19220.127.116.11.1 (Album Print black & white)
H. Staunton ?
January - June 1940
Sir Basil Gould, Hugh Richardson?, Innes-Keys?
119 x 89 mm
Print gelatin silver
Notes on print/mount - "Guard of Honour. 1/15 Punjab Reg. Gyantse" is written in blue ink on the reverse of the image. Also, the number: 468V is written in pencil in the top right hand corner. [KC 11/1/2006]
Notes on album mount - "Gyantse" is written in pencil and in capital letters in the centre of the page as a joint caption for the four photographs on this page of the album. [KC 11/1/2006]
Manual Catalogues - "The Escort is aligned" [Hugh Richardson in conversation with Roger Croston, detailed in H. Staunton undated Related Documents File, PRM Manuscript Collections]
Other Information - Setting: Alex McKay writes about the Gyantse Trade Agency in Tibet and the British Raj , 1997, Richmond: Curzon Press, "On 1 October 1904, with no formalities beyond raising the flag, the Gyantse Trade Agency began operations in Chang Lo ('Willow Garden'), a country house which the younghusband mission had used as its Gyantse base. In addition to local employees, O'Connor [the British Trade Agent] had a number of European staff. There was a British officer of the India Medical Service ... and a military escort consisting of 50 India soldiers, which was normally under the command of a British officer. There was also a European Head Clerk to oversee clerical staff recruited from the Darjeeling area, two Indian Army telegraph sergeants responsible for communications and a third in charge of supply and transport.'(p. 17) The structure of the administration remained very much the same until the demise of the Agency in 1948 [?]. Gyantse was selected because it was seen to be a commercially important meeting point of trade routes from India, Shigatse and Lhasa. [KC 11/1/2006]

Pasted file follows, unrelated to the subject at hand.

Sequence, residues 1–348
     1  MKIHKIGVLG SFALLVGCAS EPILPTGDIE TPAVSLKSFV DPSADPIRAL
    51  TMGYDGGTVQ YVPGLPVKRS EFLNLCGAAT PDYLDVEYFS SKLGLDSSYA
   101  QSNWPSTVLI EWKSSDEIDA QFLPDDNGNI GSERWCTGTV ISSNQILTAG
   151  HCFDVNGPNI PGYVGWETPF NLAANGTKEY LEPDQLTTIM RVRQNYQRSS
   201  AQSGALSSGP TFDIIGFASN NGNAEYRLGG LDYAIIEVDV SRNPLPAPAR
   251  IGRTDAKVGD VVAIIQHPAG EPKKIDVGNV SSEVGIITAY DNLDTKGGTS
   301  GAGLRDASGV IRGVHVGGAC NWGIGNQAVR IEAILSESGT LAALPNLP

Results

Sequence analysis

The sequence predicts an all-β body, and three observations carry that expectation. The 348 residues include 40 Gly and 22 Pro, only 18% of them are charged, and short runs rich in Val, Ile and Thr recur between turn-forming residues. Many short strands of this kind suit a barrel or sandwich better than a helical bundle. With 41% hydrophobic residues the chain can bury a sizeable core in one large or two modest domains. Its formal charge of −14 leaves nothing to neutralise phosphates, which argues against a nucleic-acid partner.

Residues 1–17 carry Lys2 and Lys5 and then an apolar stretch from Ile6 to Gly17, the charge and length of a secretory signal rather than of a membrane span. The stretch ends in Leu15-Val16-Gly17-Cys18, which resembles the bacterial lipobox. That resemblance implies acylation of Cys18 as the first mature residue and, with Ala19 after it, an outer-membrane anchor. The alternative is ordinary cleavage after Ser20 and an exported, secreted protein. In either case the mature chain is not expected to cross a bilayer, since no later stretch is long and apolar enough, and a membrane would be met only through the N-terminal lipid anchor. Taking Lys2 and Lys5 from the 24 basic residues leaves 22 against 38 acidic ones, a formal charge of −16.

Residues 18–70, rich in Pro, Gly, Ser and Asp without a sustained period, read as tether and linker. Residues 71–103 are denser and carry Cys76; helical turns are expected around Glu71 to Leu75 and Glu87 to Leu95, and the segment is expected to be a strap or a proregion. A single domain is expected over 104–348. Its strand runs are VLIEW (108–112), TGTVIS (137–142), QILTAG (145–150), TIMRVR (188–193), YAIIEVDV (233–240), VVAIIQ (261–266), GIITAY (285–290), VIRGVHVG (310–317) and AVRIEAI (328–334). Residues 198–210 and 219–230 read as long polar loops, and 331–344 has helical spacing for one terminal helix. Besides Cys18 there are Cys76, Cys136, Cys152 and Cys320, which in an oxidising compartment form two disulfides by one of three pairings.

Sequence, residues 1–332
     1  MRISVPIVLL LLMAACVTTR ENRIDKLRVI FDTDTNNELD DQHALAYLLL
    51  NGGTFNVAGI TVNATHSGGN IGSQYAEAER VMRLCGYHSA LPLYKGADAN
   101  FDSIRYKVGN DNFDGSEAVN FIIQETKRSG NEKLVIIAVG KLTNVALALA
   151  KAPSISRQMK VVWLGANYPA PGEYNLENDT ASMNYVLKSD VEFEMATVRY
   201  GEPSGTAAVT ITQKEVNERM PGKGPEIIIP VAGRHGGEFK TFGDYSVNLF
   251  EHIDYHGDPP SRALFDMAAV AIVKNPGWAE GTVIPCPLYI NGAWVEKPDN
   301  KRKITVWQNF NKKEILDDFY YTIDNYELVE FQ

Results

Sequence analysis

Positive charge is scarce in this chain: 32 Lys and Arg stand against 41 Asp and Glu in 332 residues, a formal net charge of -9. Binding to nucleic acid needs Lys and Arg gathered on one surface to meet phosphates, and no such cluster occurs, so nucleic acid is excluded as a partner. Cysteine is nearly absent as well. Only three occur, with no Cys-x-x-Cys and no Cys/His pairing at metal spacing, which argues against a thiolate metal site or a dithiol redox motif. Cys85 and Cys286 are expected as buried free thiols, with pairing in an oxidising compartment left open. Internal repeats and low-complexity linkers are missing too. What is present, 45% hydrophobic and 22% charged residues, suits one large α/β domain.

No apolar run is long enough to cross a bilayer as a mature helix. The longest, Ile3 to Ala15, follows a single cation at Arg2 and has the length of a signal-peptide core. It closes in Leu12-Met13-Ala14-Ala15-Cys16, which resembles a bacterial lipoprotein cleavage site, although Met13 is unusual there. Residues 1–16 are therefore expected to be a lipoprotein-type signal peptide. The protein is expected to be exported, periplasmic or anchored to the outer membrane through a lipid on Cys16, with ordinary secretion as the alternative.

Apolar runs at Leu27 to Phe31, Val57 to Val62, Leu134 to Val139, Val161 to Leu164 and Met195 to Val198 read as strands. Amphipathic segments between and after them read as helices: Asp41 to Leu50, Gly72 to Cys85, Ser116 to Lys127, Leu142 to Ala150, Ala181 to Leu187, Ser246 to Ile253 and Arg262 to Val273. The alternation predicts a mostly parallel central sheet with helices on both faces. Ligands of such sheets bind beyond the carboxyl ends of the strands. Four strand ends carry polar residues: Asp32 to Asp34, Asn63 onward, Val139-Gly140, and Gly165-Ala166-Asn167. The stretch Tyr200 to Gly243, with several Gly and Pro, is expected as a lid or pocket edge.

For Citation use:
The Tibet Album. "Review of troops at Gyantse, 1940" 05 Dec. 2006. The Pitt Rivers Museum. <http://tibet.prm.ox.ac.uk/photo_1918.104.22.168.1.html>.
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